Audie Award Finalist, Narration by the Author or Authors, 2014
Audie Award Finalist, Fiction, 2014
Sussex, England: A middle-aged man returns to his childhood home to attend a funeral. He is drawn to the farm at the end of the road, where, when he was seven, he encountered a most remarkable girl, Lettie Hempstock. He hasn't thought of Lettie in decades, and yet sitting by the pond (a pond that she'd claimed was an ocean), the unremembered past comes flooding back. Forty years earlier, a man committed suicide in a stolen car at this farm at the end of the road. Like a fuse on a firework, his death lit a touchpaper and resonated in unimaginable ways. The darkness was unleashed, something scary and thoroughly incomprehensible to a little boy. And Lettie - magical, comforting, wise beyond her years - promised to protect him, no matter what.
A groundbreaking work from a master, The Ocean at the End of the Lane is told with a rare understanding of all that makes us human, and shows the power of stories to reveal and shelter us from the darkness inside and out. A stirring, terrifying, and elegiac fable as delicate as a butterfly's wing and as menacing as a knife in the dark.
©2013 Neil Gaiman (P)2013 HarperCollinsPublishers
Neil Gaiman is one of the best storytellers working in fantasy today. Everything he does is rooted in classic myth and folklore, and he follows those traditions, both in the characters he uses and the stories he tells.
That said, after having read many Neil Gaiman books and short stories, there is a certain samey sameness to them, the classic Gaiman archetypes, shuffled into slightly different roles. There's the mostly hapless Everyman who gets his one heroic moment, there's the Evil Thing That Will Eat You that always turns out to be something even older and more evil than its outward shape suggests, and there's the super-powerful witchy wise woman who is likewise some sort of cosmic goddess who just pretends to be a folksy old lady.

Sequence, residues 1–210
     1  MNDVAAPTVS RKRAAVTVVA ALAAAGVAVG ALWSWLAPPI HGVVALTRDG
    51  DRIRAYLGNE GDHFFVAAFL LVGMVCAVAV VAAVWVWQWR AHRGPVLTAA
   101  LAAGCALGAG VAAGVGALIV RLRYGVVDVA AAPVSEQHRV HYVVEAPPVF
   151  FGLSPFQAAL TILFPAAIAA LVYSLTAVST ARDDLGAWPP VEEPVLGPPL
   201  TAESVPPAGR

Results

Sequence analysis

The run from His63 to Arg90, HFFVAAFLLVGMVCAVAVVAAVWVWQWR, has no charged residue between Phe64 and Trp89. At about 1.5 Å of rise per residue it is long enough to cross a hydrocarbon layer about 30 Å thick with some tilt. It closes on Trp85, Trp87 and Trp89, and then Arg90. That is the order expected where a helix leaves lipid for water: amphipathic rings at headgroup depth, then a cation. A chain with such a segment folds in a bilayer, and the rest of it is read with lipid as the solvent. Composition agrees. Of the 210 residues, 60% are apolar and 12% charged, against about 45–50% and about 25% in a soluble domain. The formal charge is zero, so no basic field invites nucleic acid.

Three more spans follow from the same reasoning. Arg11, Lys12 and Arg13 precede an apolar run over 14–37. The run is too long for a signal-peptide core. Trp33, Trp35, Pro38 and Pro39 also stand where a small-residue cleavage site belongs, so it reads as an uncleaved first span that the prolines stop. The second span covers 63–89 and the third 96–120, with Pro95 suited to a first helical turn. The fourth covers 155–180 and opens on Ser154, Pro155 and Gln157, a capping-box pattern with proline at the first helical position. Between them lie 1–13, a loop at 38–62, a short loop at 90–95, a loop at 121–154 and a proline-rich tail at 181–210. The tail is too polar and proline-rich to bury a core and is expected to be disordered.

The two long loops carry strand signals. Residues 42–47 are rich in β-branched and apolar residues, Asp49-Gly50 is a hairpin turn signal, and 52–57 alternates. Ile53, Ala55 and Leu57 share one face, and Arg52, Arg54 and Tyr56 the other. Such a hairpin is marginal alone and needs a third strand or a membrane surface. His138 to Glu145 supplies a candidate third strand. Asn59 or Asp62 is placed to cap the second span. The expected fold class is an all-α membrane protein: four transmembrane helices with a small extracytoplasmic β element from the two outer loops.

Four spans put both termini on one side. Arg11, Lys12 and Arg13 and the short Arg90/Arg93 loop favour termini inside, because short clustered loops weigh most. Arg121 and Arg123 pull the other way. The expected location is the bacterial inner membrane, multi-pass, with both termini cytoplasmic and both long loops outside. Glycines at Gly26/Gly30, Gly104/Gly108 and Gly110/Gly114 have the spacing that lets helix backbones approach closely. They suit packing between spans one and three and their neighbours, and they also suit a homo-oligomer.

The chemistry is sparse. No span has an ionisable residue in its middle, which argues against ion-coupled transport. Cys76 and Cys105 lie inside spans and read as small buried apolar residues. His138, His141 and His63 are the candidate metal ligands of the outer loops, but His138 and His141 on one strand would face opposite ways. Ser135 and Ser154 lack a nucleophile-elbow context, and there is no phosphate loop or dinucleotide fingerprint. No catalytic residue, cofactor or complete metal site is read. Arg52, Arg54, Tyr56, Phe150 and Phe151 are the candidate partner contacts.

In this short novel, our narrator is returning to his childhood home, or rather, where his childhood home once sat, before it was demolished and replaced by modern yuppie housing tracts. But the old farm where he made a friend is still there, and the little pond that his little friend called an ocean, and then we get a flashback to his grand childhood adventure, in which at the age of seven he confronted supernatural creatures from beyond time and space and helped save the world. All of which he has forgotten until now.
In some ways, The Ocean at the End of the Lane reminded me of Stephen King's It, except shorter and PG-rated.
I liked it, but Gaiman isn't really doing anything new here, so 3.5 stars. Gaiman himself is a surprisingly good narrator, which is often not true of authors narrating their own books.
I love to read books; and now just recently I've discovered that audio books are very cool!! I'm also an author. You can find the SciFi book "The Curse of Europa" here on Audible or on Amazon.
At first I was a little hesitant of listening to an author read his own book. Authors can usually write a great story, but not many can speak a great story (myself included.) But Gaiman made it work! One benefit of the author reading their own story is that they know exactly HOW the dialog was intended to be delivered. They know where they want inflection, where it should be whispered, or exasperated, etc.
I like Science Fiction, good straight-up realistic SciFi! This is not SciFi, it is fantasy. But... I liked it. I liked it a lot. Gaiman tells a great story (both in his writing and in his narration). Half the time I thought the boy in the story was me at that age. I can't think of anything I didn't like about the story and the ending was perfect.
I was captivated by the picture on the cover and the brief blurb I read. Without any other info, I set about listening. Gaiman is a very good writer and an even better narrator - so it was easy to be captivated by the story telling - at least early on. I kept waiting for the story to become more interesting and to take some unexpected twist to keep me interested. It never did. Instead, by the end of the story, I developed a new appreciation for what it meant to write for a young audience and decided that it was no coincidence that the opening of the book was a quote was from Maurice Sendak. So - if you are interested in a contemporary children's story with magic, good, and evil, try this one. If you are looking for a more substantive story and you are not inclined to listen to children's stories, try something else.